In the Battle of Jedi Versus Sith, I’ll Take the Sith Every Time

by David French

Jim, I deeply appreciate your attempt at a revisionist history of the Galactic Empire, but I fear that you’re missing the forest for the trees. The central conflict of the entire Star Wars universe isn’t rebellion versus empire, but rather Jedi versus Sith. And while the Galactic Empire was but one expression of Sith rule, I think it’s fair to say that the Jedi Order as portrayed in the prequels represents the fullness of Jedi ideology. And it’s not pretty.

The Jedi — as portrayed in the movies and in many of the books of the expanded universe — are basically the lightsaber-wielding jihadists of an intergalactic bureaucratic caliphate. The Galactic Republic is the Hotel California of interstellar governance. You can check out, but you can never leave — at least not if you want to keep your head on your shoulders. And the Jedi commitment to exterminating – yes, exterminating — the Sith is total. Notice how quickly the Jedi turned to summary execution when Palpatine was at their mercy. It was that lawless act that pushed Anakin Skywalker to revolt. 

(Oh, and spare me any rhetoric about “younglings” — what a sympathetic way to describe the Jedi’s child soldiers.)

The Sith, by contrast, are defined not by a system of government but rather by their struggle for individual liberty — a struggle against centuries of Jedi oppression. Consider the Sith Code:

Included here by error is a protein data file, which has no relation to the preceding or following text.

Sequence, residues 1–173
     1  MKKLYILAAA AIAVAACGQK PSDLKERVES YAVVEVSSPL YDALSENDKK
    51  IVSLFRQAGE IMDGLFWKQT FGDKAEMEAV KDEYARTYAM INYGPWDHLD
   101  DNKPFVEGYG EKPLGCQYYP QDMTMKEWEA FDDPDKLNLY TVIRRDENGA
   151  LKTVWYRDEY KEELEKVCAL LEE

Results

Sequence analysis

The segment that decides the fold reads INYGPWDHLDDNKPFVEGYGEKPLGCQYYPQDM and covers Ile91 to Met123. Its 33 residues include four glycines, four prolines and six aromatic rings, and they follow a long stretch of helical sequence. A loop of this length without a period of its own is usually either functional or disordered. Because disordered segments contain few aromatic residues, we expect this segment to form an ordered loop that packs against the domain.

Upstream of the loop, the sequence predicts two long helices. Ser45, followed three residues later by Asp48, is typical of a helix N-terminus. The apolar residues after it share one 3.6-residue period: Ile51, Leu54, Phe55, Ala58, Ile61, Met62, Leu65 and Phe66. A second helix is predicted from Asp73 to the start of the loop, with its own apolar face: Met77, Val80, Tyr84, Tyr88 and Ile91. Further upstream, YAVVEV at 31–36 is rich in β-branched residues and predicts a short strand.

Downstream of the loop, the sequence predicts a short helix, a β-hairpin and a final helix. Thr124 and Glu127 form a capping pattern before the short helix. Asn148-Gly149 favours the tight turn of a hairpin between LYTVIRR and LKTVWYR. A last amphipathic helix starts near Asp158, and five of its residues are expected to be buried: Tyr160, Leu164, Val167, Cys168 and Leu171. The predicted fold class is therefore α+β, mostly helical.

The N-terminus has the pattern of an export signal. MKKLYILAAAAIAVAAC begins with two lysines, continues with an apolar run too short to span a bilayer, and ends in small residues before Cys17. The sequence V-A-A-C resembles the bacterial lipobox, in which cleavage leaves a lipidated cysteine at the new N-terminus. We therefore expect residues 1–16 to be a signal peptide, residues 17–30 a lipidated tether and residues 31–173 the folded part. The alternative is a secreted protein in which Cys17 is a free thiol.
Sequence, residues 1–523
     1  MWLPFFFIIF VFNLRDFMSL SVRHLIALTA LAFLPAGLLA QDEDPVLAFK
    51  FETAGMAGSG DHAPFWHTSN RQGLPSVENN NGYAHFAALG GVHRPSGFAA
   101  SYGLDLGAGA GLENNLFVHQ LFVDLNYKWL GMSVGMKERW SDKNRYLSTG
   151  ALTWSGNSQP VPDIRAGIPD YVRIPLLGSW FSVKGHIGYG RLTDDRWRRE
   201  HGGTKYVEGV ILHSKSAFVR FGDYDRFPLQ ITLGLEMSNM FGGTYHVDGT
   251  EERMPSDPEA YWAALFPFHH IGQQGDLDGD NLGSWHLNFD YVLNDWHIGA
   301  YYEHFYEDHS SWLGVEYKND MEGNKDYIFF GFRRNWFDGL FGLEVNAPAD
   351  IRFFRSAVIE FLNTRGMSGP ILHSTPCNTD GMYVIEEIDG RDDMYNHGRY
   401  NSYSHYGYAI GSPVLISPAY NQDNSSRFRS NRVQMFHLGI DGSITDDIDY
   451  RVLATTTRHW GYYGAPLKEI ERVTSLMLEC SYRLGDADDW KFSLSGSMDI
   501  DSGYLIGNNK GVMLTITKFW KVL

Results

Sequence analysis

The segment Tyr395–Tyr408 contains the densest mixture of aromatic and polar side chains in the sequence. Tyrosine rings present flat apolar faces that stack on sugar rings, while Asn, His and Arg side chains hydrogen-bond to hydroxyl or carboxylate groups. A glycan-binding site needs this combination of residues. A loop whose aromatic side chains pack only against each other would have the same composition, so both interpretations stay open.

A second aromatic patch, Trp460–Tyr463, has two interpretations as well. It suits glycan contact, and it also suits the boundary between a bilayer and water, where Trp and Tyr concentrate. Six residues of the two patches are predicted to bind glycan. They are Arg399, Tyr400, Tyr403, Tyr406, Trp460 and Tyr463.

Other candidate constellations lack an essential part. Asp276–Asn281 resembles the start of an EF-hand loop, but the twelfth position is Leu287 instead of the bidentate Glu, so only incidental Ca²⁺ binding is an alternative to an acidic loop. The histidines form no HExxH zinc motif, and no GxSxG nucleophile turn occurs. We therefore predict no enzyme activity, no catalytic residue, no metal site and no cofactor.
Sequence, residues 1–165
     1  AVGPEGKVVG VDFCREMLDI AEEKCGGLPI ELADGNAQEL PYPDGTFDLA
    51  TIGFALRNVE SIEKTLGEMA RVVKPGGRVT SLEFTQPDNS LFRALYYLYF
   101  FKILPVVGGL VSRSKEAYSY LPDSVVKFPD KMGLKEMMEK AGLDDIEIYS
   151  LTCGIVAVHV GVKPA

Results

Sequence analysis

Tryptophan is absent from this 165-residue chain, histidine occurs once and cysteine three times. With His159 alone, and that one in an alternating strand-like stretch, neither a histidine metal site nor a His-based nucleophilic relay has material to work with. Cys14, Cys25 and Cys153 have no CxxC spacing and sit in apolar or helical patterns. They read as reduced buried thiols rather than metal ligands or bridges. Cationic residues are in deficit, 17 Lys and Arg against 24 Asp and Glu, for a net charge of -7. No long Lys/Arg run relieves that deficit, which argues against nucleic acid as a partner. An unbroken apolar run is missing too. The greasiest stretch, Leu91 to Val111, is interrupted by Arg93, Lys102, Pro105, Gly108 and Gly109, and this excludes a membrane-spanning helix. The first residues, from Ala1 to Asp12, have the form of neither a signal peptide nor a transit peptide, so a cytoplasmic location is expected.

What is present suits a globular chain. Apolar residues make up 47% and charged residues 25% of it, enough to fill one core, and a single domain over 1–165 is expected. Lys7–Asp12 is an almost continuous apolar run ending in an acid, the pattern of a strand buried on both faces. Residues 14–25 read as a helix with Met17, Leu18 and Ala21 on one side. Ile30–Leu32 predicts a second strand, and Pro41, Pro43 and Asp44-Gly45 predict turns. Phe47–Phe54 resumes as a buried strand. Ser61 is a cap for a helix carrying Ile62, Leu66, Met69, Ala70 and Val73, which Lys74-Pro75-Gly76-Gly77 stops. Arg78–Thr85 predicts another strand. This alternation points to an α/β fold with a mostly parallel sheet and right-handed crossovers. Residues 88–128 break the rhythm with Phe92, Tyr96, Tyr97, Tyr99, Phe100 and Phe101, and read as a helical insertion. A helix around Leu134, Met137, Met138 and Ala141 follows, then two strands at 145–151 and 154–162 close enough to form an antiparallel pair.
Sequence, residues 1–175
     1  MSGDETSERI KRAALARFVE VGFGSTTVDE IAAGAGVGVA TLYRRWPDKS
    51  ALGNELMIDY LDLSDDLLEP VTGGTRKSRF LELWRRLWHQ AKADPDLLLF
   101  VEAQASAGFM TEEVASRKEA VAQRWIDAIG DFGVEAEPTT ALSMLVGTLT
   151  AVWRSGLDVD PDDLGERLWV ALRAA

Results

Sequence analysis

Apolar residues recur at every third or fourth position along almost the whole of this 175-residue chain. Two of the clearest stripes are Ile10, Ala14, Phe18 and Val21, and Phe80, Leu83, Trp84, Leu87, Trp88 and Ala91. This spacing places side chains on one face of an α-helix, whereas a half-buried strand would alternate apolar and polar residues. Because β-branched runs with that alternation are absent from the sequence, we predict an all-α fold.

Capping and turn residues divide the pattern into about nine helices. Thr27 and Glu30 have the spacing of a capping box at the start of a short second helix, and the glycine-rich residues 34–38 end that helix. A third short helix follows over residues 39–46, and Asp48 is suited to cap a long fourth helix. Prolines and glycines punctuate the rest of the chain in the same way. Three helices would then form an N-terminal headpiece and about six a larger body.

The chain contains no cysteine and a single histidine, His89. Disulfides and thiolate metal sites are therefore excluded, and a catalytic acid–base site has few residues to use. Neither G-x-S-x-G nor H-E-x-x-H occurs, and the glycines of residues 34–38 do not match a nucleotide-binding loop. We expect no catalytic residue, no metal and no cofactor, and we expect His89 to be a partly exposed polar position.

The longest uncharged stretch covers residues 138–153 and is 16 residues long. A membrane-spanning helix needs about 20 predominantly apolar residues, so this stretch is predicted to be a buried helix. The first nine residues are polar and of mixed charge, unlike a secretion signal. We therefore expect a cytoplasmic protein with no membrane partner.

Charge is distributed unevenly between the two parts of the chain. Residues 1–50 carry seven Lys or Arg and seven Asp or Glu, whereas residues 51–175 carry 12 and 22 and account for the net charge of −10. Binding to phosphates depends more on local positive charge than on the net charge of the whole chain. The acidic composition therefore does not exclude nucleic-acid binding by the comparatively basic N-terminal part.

Peace is a lie.

There is only passion.

Through passion, I gain strength.

Through strength, I gain power.

Through power, I gain victory.

Through victory, my chains are broken.

The Force shall free me.

Nowhere does the Code define a Sith system of governance or a Sith philosophy of self-determination. It defines a struggle, not an outcome. Thus, the Palapatine/Vader imperial model has no precedential value for any follow-on Sith lord. Each can chart his own path, including by implementing true self-determination to the galaxy. The Jedi, on the other hand, define themselves by reference to the Republic and by their single-minded quest to annhilate their ideological opponents. 

Moreover, their model of religious asceticism represents not self-denial but rather the worst form of religious fanaticism. Stripped of any true ability to enjoy life, they take pleasure in but one thing — hunting the Sith to extinction. Thus, they are violently intolerant of the Sith and violently protective of the Republic (seen as a bulwark against Sith power), yet curiously accepting of multiple forms of obvious injustice within the Republic — including of slavery and violent smuggling rings. 

It was quite rich indeed to watch Obi-Wan Kenobi self-righteously declare to Anakin that “Only a Sith deals in absolutes.” In the world of science fiction, there are few more concrete examples of moral certainty and oppression in the name of that certainty than the Jedi Order. And that’s why — for lovers of liberty — the two most satisfying films of the six were Revenge of the Sith and Empire Strikes Back. At least in those films, the filthy Jedi didn’t win.

(What’s that? You say I take Star Wars too seriously? Surely you jest. Now, if you don’t mind I’m going to pick up my Darth Vader replica lightsaber and give it a few practice swings. I’ve got to be ready for the new film — opening night is less than two months away!)

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